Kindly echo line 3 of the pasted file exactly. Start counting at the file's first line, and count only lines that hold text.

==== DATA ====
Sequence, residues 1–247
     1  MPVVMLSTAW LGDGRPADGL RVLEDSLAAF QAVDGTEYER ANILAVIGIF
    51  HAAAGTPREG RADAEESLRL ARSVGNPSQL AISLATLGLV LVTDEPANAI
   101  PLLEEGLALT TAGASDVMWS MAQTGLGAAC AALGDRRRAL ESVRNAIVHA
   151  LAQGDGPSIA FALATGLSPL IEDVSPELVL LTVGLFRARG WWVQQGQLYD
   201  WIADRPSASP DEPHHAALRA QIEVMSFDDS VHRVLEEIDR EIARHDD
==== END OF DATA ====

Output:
    51  HAAAGTPREG RADAEESLRL ARSVGNPSQL AISLATLGLV LVTDEPANAI